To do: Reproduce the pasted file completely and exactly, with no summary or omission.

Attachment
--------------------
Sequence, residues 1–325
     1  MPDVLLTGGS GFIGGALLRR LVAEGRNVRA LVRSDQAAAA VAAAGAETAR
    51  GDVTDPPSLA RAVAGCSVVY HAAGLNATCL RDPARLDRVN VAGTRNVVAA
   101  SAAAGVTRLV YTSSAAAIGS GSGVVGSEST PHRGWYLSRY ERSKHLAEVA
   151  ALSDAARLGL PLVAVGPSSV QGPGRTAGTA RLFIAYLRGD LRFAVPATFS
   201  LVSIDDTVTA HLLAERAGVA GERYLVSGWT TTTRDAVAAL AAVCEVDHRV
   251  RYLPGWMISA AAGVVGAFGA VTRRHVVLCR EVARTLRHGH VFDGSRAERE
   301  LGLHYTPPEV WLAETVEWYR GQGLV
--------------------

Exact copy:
Sequence, residues 1–325
     1  MPDVLLTGGS GFIGGALLRR LVAEGRNVRA LVRSDQAAAA VAAAGAETAR
    51  GDVTDPPSLA RAVAGCSVVY HAAGLNATCL RDPARLDRVN VAGTRNVVAA
   101  SAAAGVTRLV YTSSAAAIGS GSGVVGSEST PHRGWYLSRY ERSKHLAEVA
   151  ALSDAARLGL PLVAVGPSSV QGPGRTAGTA RLFIAYLRGD LRFAVPATFS
   201  LVSIDDTVTA HLLAERAGVA GERYLVSGWT TTTRDAVAAL AAVCEVDHRV
   251  RYLPGWMISA AAGVVGAFGA VTRRHVVLCR EVARTLRHGH VFDGSRAERE
   301  LGLHYTPPEV WLAETVEWYR GQGLV